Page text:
As for memory and performance impact, once self.callPackage has been forced, there shouldn’t be any performance impact to accessing it. For example, if I instrument it a bit differently:

nix-repl> nixpkgs = import <nixpkgs> { overlays = [ (self: super: { callPackage = builtins.trace "forcing callPackage" super.callPackage; }) ]; }
nix-repl> nixpkgs.exa

this prints out 6 lines saying trace: forcing callPackage, and then that trace will never happen again, even when accessing other packages. I’m assuming the 6 lines have something to do with forcing the expression through various stages of nixpkgs, but I’m not really certain of the details here. In any case, the point is that once it’s been forced, subsequent accesses don’t re-evaluate it. And since self is the same for all stages, this means that once anyone forces it on self, it’s forced for everyone.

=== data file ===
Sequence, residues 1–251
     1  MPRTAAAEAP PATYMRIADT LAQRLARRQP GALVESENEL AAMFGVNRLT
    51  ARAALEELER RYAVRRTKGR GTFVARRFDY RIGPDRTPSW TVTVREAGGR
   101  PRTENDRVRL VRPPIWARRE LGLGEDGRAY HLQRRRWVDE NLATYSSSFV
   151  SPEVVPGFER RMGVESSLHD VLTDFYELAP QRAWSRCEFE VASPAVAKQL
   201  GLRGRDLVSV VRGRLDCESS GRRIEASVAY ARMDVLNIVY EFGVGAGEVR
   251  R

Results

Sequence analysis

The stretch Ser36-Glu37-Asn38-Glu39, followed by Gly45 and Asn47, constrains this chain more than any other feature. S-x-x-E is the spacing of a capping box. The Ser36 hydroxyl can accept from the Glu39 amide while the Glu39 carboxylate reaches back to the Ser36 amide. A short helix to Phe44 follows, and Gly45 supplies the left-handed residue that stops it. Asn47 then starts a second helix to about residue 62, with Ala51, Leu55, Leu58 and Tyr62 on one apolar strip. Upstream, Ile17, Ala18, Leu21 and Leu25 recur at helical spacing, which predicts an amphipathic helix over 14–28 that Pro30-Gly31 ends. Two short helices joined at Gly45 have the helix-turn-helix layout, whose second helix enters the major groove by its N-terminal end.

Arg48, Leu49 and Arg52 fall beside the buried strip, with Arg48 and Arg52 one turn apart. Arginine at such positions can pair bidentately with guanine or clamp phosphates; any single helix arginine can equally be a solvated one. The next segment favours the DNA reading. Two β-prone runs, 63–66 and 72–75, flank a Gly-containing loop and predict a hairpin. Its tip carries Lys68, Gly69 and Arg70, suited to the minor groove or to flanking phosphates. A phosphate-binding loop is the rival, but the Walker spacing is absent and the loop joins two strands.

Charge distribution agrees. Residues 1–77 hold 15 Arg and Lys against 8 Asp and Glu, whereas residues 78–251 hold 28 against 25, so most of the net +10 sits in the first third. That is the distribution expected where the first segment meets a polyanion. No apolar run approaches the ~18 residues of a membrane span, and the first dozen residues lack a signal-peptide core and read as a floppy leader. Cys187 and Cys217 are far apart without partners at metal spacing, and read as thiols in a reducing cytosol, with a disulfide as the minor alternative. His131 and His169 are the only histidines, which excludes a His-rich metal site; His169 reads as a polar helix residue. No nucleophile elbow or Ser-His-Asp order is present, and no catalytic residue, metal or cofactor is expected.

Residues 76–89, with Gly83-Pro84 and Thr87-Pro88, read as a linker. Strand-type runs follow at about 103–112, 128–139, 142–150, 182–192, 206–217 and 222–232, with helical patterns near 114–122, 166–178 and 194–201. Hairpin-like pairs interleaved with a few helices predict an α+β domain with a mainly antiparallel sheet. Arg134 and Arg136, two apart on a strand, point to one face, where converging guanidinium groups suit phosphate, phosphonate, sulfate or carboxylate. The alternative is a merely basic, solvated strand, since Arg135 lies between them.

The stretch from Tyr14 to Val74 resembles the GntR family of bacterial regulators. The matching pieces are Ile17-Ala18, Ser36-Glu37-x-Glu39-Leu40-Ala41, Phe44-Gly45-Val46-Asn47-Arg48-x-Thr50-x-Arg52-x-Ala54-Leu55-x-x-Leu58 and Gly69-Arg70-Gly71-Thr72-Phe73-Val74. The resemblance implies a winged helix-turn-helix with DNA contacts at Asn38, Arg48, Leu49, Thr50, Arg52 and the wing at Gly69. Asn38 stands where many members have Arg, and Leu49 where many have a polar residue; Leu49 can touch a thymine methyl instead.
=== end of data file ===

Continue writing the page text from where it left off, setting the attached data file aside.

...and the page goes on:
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Another argument for considering self.callPackage acceptable is that a package can take callPackage as an argument, and calling that package will give it self.callPackage. i.e.

callPackage ./foo.nix {}
# foo.nix
{ callPackage, ... }: ...

If we make things that depend on self.callPackage not being used, code like this will break, and there won’t be a sane way to fix that.

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Apologies for the necrobump, but as a recent nix convert I’ve had this question as well.

@lilyball I know you’re still active in the community (and always very helpful – thank you). 4 years later, do you have anything more conclusive to say about this matter than what’s above?

As you’ve gained experience, what is your current practice? Do you default to self or super when it seems that either will do, and why? TIA!